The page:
How To Water Newly Planted Shrubs And Trees

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This article provides information about how to water newly planted shrubs or trees
by Brett · All Zones · Watering · 1 Comments · July 24, 2013 · 2,892 views

Contrary to popular belief, more newly planted shrubs and trees planted in landscape beds die from too much water than from too little water. When we plant a new shrub or tree in the ground, especially during the hotter summer months, the tendency is to think it has to be watered every day in order to grow roots and become established in its new home.

Fact is, rarely will a newly planted shrub require daily watering to survive and thrive. More often than not, daily soaking will lead to problems with the plants roots including the dreaded "root rot," which almost always results in death of the plant.

It‘s difficult to teach proper watering techniques, necessary to establish and maintain woody trees and shrubs. Part of the problem is that there are many variables that must be considered - each landscape situation has unique components that influence how much and how often water needs to be applied. Then factor in the weather conditions that vary from site to site and season to season, and the issue becomes more confounding. In the final analysis, proper watering requires that the person responsible must become familiar with the water requirements of the plants in their landscape, and the site and soil where the plants are growing. They must regularly check the soil moisture as a guide, and then apply common sense to supplement rainfall as required to maintain uniform moisture in the plant root zone.

Proper watering is especially crucial during the first year or two as the plants are working to establish themselves in the landscape and to overcome any transplant shock.

Summer watering...

If the weather is hot the soil will dry out quicker and you'll have to pay closer attention to watering, making sure not to over or under water newly planted plants. Keep in mind that wilting of leaves can be the effect of either dry soil or when root rot sets in from overly saturated soil.

Whenever watering newly planted plants during summer, keep in mind it's best to water deeply less often than to splash plants with a little water every day. This promotes deep root growth and can reduce water loss by evaporation.

So, first, water deeply at planting time, making sure the soil around the root ball is moist all the way down to the base of the root ball. Then, each day thereafter check the soil for moisture and only provide water if the soil has dried out somewhat or is just lightly damp. After several days of checking you should establish how many days you can wait between waterings. Now you'll have a watering schedule. If there's a good soaking rain you can count this as a watering.

Winter watering...

There won't be as much attention or need for watering newly planted shrubs and trees during the cooler winter months as there is during the summer months. When plants have stopped growing or lost their leaves during winter they'll be drinking little if any water. Too, the evaporation process slows down considerably during the cool season.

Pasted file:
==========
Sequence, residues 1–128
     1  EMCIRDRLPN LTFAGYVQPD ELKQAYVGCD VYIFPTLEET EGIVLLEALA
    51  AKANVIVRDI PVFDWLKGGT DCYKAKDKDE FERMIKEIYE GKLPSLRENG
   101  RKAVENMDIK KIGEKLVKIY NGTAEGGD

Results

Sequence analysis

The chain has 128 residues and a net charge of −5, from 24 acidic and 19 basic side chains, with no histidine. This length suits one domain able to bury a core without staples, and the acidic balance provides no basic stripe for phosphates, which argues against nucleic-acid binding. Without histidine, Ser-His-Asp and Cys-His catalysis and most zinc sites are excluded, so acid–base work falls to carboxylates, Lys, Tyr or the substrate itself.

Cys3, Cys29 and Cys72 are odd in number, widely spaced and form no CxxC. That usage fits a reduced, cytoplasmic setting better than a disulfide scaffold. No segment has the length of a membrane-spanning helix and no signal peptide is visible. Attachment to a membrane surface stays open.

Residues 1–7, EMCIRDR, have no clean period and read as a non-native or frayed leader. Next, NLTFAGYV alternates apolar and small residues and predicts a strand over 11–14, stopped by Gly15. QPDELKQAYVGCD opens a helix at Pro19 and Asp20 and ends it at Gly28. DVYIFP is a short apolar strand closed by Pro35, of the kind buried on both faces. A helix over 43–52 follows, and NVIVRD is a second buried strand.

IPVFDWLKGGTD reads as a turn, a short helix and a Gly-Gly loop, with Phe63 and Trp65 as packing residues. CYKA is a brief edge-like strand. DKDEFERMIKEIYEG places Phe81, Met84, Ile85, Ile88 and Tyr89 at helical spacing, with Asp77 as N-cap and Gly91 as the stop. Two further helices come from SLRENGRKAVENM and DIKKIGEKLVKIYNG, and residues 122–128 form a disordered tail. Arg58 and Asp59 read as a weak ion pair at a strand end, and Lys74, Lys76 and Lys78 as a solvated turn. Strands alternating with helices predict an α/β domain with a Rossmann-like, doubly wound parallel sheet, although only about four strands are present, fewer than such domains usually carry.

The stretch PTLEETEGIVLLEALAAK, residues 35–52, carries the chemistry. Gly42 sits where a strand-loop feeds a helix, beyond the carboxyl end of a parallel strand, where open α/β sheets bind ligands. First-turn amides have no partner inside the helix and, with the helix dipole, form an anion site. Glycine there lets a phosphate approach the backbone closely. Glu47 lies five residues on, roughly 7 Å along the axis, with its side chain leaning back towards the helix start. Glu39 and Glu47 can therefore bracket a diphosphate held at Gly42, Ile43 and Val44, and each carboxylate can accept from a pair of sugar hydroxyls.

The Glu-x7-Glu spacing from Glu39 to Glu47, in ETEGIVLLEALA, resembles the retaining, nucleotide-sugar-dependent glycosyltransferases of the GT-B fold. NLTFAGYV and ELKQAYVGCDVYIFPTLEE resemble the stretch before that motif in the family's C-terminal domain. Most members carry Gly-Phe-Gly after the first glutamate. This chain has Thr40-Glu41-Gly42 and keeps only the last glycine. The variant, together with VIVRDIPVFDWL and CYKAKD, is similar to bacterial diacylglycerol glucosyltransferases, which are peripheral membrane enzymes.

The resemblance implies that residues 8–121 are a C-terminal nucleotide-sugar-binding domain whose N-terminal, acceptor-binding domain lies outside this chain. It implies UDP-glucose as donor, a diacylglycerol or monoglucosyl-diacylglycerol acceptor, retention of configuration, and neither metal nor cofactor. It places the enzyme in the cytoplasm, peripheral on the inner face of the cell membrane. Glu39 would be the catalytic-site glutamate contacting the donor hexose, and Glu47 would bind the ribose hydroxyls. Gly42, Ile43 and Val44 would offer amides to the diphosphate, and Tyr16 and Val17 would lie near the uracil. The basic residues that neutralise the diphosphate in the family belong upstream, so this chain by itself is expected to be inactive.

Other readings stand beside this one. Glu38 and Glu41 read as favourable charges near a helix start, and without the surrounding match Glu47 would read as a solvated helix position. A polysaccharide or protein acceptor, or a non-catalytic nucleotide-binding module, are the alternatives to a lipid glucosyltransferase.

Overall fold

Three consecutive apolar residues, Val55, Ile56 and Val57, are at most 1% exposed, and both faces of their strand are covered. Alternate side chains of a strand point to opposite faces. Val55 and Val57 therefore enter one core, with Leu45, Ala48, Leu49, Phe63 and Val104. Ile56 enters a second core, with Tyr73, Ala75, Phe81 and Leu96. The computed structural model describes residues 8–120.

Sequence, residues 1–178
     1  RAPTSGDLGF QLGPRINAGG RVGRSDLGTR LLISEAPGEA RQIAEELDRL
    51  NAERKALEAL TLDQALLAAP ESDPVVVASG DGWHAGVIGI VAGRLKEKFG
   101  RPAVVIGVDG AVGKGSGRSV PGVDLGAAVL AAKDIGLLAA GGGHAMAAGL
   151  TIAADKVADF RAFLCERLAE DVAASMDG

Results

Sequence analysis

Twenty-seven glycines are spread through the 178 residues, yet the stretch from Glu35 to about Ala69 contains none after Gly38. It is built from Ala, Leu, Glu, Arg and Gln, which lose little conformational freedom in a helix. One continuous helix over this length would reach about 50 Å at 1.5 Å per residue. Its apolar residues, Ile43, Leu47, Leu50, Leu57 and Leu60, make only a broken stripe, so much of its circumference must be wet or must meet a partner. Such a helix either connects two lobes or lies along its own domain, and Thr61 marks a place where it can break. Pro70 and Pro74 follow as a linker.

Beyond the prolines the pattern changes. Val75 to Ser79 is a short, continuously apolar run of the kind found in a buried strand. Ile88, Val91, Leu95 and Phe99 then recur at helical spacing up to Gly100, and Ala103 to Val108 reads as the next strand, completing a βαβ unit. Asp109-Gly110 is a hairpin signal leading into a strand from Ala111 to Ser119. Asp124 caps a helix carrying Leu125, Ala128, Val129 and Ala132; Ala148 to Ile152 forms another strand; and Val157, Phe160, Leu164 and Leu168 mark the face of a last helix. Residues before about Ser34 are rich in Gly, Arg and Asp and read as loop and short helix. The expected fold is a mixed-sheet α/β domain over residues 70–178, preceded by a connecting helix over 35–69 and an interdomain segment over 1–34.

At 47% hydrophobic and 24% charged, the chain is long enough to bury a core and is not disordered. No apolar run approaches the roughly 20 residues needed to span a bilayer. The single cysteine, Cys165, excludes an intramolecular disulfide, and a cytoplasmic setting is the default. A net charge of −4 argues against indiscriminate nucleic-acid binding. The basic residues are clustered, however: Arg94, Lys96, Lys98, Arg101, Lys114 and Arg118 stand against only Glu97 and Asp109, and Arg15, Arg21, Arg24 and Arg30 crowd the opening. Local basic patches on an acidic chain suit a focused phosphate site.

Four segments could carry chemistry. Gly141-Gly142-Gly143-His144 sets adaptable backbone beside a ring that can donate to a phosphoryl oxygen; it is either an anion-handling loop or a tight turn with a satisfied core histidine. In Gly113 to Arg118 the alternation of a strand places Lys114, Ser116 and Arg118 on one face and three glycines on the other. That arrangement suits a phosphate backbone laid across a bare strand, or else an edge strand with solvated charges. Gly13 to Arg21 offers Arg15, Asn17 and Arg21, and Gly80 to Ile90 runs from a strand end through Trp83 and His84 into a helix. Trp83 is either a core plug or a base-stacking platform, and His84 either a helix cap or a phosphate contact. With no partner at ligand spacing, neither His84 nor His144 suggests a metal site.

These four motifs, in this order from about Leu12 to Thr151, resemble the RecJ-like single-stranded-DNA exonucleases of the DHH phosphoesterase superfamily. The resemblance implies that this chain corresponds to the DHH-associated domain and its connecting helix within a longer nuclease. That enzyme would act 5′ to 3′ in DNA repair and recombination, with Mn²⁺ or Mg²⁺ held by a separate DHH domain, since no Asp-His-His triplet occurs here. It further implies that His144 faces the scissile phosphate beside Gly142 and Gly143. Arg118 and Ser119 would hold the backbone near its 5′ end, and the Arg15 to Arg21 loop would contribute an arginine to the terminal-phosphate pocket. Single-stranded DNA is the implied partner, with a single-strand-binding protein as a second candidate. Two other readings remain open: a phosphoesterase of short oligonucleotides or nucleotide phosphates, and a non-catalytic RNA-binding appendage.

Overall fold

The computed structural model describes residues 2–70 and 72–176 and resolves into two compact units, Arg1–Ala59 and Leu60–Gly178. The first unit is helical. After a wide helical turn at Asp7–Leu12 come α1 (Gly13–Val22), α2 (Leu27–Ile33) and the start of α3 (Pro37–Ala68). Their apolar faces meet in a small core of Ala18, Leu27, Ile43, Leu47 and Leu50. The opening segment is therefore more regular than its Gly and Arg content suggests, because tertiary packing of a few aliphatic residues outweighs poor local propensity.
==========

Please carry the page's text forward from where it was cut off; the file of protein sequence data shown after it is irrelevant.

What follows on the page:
At planting time during the winter, soak deeply the ground around the root ball just as you would during summer. Then check the soil moisture every few days until you've determined how many days or weeks go by until the plant needs watering again. With average rainfall you may not need to water plants at all. If you have an automated irrigation system watering the plants in your landscape make sure to cut it off during the winter. Only provide water during the winter if there's been a prolonged period of dry weather.

If the weather has been dry and forecasters are calling for a deep freeze deep soak the ground with water around all of your shrubs. Doing so will help to insulate the roots of plants from the freezing temperatures.

Other helpful watering tips...

  • Consult with your local nursery and garden center professional or professional landscaper to determine how much water a specific type of plant requires and proper planting methods to ensure good drainage.
  • Hand-watering using a garden hose or drip soaking with a soaker hose are the best methods for watering newly planted plants until they are established, at which time automated irrigation systems will usually provide enough moisture.
  • When possible, provide water at the base of the plant, avoiding water on the leaves.
  • Mulching around your plants can reduce the frequency of watering.
  • Control weeds as these will rob water from your plants.
  • Never water outdoor plants or the lawn in the late evening or at night as doing so can cause fungus and diseases to develop. The early to mid-morning hours are the best time to water plants and lawn grasses. This allows moisture to dry from the leaves.
  • At planting time the first watering can be done with a solution of Root Stimulator, which has hormones and vitamins that will more quickly facilitate the "rooting in" process.
  • Avoid watering shrubs and trees with liquid or water-soluble fertilizers. Instead, fertilize with a well-balanced, shrub and tree type fertilizer.
  • When planting trees where they will be hard to get to to water consider using a product such as a Tree Gator to do the watering for you.
  • If you are planting "bog" or "moisture-loving" plants disregard the information provided in this article. These types of plants require constantly wet or soggy soils!

Maple Tree

Maple Tree · Gardenality Genius · Zone 10A · 30° to 35° F
Good article. The TreeGator is a product I had not seen at any of our local nurseries. Great watering device for newly planted shrubs and trees. Thanks for the information.

6 years ago ·
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